Women’s Equality Day
By Sweta Patel
Women’s Equality Day is celebrated on August 26 to commemorate adoption of the Nineteenth Amendment to the United States Constitution in 1920, which prohibits the states and the federal government from denying the right to vote to citizens of the United States on the basis of sex. It was first celebrated in 1971, designated by Congress in 1973, and is proclaimed each year by the United States President:
WHEREAS, the women of the United States have been treated as second-class citizens and have not been entitled the full rights and privileges, public or private, legal or institutional, which are available to male citizens of the United States;
and WHEREAS, the women of the United States have united to assure that these rights and privileges are available to all citizens equally regardless of sex;
and WHEREAS, the women of the United States have designated August 26, the anniversary date of the certification of the Nineteenth Amendment, as symbol of the continued fight for equal rights;
and WHEREAS, the women of United States are to be commended and supported in their organizations and activities,
NOW, THEREFORE, BE IT RESOLVED, the Senate and House of Representatives of the United States of America in Congress assembled, that August 26th of each year is designated as Women’s Equality Day, and the President is authorized and requested to issue a proclamation annually in commemoration of that day in 1920, on which the women of America were first given the right to vote, and that day in 1970, on which a nationwide demonstration for women’s rights took place.
However, a hundred years after the Nineteenth Amendment was adopted, there is still work to be done to achieve equality.
The graphic below from a study by McKinsey shows the slow progress in achieving gender parity in the workplace, particularly in the C-Suite.
A major obstacle to women progressing up the career ladder is what is referred to as the “broken rung”. For every 100 men promoted to manager, only 85 women were promoted. This gap is even larger for some women: only 58 Black women and 71 Latinas were promoted. As a result, women remain significantly outnumbered in entry-level management. At the beginning of 2020, they held just 38 percent of manager-level positions, while men held 62 percent.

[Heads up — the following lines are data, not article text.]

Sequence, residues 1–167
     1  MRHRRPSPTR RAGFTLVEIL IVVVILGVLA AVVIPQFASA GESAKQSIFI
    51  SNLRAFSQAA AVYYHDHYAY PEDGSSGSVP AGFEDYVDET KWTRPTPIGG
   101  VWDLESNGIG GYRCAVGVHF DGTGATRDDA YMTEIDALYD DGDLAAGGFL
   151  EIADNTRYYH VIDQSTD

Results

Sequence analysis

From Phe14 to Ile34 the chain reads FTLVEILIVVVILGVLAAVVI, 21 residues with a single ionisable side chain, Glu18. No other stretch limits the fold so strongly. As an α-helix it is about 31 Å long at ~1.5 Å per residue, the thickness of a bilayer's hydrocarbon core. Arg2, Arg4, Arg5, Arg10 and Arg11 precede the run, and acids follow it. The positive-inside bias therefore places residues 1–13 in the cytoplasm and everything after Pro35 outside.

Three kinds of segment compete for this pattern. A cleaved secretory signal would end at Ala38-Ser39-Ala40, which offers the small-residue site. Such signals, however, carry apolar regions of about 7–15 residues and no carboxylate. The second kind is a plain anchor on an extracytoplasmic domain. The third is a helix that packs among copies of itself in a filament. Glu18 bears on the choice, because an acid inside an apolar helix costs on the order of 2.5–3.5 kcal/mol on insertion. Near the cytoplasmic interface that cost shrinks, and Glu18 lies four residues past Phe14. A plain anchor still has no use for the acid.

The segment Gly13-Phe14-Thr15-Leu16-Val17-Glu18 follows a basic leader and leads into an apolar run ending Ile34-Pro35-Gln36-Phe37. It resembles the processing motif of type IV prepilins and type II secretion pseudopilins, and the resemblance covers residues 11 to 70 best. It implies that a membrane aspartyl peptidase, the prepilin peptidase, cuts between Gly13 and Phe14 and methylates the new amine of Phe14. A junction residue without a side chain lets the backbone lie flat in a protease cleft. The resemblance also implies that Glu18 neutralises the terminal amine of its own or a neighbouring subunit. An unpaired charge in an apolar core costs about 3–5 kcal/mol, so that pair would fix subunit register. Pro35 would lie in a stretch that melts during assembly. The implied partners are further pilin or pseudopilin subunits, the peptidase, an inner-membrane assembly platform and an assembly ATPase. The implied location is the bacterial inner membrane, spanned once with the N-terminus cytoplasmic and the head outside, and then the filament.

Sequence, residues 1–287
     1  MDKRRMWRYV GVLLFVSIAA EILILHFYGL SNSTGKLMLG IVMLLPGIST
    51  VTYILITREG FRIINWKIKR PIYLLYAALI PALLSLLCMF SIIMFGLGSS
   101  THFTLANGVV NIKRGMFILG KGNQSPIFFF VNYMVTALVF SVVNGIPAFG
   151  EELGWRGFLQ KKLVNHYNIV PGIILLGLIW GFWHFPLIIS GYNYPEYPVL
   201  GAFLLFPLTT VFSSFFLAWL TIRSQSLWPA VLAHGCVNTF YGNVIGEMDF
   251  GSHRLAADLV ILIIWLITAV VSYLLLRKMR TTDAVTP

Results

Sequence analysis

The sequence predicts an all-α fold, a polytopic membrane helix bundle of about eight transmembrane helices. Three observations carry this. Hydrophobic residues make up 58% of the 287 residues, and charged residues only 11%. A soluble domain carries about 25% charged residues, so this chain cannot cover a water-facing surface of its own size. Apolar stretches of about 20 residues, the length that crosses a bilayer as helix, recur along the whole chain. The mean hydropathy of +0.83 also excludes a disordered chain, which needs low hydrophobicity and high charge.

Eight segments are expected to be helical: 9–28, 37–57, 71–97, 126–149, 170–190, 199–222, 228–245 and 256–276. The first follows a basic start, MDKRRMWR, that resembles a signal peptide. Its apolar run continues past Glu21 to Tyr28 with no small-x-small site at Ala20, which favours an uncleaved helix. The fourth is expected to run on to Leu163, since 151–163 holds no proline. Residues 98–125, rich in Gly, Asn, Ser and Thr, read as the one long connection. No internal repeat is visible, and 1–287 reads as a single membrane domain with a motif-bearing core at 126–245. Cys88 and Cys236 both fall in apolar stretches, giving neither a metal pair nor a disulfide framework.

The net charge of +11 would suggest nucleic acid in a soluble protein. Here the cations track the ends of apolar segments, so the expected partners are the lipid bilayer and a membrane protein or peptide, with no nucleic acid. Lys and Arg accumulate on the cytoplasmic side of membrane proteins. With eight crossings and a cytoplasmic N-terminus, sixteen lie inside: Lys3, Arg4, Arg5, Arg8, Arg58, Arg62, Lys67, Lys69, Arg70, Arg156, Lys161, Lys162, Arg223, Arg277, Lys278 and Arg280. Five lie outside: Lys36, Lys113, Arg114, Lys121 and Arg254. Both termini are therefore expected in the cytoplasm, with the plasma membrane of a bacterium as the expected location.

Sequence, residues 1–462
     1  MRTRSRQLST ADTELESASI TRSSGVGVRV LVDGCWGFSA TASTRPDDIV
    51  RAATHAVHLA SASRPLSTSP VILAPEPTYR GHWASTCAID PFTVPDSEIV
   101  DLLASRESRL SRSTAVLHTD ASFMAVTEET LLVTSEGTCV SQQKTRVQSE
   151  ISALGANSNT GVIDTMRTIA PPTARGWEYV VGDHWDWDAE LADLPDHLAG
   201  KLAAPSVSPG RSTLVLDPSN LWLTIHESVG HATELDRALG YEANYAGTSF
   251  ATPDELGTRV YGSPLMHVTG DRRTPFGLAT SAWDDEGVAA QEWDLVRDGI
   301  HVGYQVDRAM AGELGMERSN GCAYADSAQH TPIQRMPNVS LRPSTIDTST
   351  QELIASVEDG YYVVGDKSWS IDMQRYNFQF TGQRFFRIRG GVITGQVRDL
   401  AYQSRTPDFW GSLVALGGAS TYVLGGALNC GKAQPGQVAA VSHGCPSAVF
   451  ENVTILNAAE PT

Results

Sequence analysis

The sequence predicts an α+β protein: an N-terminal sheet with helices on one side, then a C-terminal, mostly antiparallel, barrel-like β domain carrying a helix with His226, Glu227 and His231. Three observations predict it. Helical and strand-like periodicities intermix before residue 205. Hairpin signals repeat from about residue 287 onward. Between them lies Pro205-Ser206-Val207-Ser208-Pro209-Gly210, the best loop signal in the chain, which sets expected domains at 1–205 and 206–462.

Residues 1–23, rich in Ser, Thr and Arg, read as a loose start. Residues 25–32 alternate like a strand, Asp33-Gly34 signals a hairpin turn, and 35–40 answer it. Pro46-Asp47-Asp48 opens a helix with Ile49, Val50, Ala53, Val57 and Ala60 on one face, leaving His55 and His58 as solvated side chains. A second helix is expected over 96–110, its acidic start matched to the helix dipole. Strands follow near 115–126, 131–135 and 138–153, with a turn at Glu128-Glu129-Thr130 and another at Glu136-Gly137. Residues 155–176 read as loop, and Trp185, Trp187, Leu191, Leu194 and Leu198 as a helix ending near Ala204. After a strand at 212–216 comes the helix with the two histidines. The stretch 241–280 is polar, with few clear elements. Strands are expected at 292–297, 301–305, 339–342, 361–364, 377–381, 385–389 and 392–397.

An important question that hasn’t been fully answered is WHY there is a broken rung? Are women self- selecting out of advancement? Are women choosing to leave the workforce? If so, why?
Or, is this broken rung being caused by some other factors that we do have measurable data on and can influence for better outcomes?
The COVID-19 pandemic has had a disproportionately negative impact on women.
Working women already bore the bulk of social responsibilities before the pandemic, such as caring for family members and household chores. Support in place before the pandemic such as schools, day care and extended family, was taken away by the effects of the pandemic.
As a result of the past 18 months more women are considering downshifting their careers or leaving the workforce altogether. Companies risk losing women in leadership roles and future female leaders, reversing the progress that has been made towards gender parity in the workplace.
The seismic impact of the COVID-19 pandemic on workplaces could present opportunities to reshape them to better support women.
The pandemic has blurred the lines between work and home. Companies should look for ways to reestablish work-life boundaries by setting new work norms such as establishing set hours for meetings, putting policies in place for responding to emails outside typical business hours, and improving communication about work hours and availability within teams.
Companies should promote flexible working options and also practice flexible working to mitigate any stigma that might be felt by employees using these options. Leaders can assure employees that their performance will be measured based on results, not when, where, or how many hours they work.
The pandemic may be amplifying biases. Bias training can help. In the past year, just one in four employees have participated in unconscious-bias training, and even employees who have participated in the past would benefit from a refresher.
Now more than ever, it’s important to make sure women and men are being treated fairly in hiring, promotion, and furlough decisions.
Women’s Equality Day gives us an opportunity to reflect on the need to achieve equality in the workplace and to celebrate the role of women in our lives at home and at work.